Romains, Jules

Romains, Jules zhül rômăN´ [key], 1885–1972, French writer, whose original name was Louis Farigoule. A brilliant student of philosophy, he became known as the chief exponent of unanimism, a literary theory positing the collective spirit or personality, e.g., the spirit of a city. This concept pervades an early collection of his poems, La Vie unanime (1908). Romains's principal work is the novel cycle Men of Good Will (27 vol., 1932–46 tr. 14 vol., 1933–46), which gives an intricate and panoramic view of French life from 1908 to 1933. Among his other novels are Mort de quelqu'un (1911 tr. The Death of a Nobody, 1914) and Les Copains (1913 tr. The Boys in the Back Room, 1937). His plays, considered masterpieces of French theater, include Cromedeyre-le-Vieil (1920), in which an isolated village returns to primitive ways, and the satirical farce Knock ou, Le Triomphe de la médecine (1923 tr. Doctor Knock, 1925).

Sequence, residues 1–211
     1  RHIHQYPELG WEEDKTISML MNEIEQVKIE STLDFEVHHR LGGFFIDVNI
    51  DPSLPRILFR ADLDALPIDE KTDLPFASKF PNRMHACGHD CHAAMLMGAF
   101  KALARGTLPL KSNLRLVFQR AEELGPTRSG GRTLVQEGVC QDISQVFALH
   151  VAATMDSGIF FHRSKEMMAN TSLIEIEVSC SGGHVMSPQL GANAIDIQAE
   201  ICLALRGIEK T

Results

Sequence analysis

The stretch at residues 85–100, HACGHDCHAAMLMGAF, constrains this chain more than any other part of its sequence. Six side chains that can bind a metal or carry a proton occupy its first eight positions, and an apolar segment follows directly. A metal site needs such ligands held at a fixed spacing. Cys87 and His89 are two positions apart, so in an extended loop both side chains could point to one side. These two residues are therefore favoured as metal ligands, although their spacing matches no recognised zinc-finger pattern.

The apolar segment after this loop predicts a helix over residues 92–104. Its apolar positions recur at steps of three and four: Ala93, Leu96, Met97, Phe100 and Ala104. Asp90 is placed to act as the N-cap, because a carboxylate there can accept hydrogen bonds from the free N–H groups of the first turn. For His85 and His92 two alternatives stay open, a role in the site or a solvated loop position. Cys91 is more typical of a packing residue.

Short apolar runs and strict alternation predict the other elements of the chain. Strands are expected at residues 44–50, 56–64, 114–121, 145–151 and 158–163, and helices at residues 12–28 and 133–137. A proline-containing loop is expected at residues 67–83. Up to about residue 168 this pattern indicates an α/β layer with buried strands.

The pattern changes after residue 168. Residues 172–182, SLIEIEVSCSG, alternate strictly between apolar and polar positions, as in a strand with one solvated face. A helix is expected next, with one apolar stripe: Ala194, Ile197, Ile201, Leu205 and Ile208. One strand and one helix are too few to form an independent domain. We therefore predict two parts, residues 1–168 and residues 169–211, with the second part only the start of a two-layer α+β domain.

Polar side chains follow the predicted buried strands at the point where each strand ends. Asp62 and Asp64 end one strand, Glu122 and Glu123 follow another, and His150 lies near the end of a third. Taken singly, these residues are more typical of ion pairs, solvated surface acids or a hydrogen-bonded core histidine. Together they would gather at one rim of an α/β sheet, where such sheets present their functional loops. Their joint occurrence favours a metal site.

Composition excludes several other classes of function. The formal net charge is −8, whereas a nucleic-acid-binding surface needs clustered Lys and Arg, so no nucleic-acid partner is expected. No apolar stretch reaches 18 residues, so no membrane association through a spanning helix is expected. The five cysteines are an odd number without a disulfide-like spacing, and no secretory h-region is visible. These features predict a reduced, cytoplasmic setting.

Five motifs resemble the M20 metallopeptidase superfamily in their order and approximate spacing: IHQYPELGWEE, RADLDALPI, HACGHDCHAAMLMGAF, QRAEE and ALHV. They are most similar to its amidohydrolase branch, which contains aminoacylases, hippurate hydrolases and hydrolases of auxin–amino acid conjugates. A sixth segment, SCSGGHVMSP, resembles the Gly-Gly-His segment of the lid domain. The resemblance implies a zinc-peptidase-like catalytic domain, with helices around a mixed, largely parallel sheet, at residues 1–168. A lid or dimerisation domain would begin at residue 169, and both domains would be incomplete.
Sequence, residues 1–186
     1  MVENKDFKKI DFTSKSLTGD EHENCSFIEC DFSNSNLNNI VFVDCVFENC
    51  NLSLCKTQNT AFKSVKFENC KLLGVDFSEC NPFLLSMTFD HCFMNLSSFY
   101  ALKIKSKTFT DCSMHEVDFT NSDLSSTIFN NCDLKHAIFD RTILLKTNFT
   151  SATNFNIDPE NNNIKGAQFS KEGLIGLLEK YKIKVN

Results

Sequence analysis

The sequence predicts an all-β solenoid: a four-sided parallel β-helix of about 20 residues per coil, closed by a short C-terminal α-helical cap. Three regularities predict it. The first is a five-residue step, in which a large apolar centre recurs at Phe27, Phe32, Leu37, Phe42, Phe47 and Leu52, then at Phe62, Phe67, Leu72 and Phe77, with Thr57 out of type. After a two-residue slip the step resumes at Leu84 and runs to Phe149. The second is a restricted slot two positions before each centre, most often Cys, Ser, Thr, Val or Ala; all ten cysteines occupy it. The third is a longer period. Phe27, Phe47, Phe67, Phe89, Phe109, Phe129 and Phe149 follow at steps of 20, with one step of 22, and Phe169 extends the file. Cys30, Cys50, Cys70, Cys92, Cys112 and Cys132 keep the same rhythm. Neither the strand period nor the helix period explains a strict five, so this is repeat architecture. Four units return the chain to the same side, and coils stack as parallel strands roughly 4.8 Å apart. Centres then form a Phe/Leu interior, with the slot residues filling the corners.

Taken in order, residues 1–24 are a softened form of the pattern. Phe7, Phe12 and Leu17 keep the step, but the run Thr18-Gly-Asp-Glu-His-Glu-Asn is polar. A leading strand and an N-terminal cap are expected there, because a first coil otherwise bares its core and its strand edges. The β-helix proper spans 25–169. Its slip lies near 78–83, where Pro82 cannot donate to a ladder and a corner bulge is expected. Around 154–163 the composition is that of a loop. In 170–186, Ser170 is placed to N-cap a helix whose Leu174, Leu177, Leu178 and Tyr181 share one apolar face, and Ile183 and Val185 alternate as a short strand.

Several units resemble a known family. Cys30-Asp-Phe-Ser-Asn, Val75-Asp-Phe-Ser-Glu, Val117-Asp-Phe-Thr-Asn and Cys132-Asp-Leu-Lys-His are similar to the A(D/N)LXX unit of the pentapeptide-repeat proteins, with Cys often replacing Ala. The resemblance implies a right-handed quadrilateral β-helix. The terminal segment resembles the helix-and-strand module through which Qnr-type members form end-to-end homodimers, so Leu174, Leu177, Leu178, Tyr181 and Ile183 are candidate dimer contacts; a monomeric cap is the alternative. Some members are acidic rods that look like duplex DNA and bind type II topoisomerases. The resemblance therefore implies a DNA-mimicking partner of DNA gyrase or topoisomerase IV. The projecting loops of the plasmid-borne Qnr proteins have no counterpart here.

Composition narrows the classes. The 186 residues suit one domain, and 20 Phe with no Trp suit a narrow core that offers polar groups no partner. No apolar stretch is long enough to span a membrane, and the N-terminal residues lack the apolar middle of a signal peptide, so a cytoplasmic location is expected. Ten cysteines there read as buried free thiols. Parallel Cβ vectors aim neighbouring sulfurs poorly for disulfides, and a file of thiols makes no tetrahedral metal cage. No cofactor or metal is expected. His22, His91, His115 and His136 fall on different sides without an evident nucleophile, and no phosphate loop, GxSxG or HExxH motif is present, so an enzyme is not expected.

See study by D. Boak (1974).

The Columbia Electronic Encyclopedia, 6th ed. Copyright © 2012, Columbia University Press. All rights reserved.

See more Encyclopedia articles on: French Literature: Biographies

Browse By Subject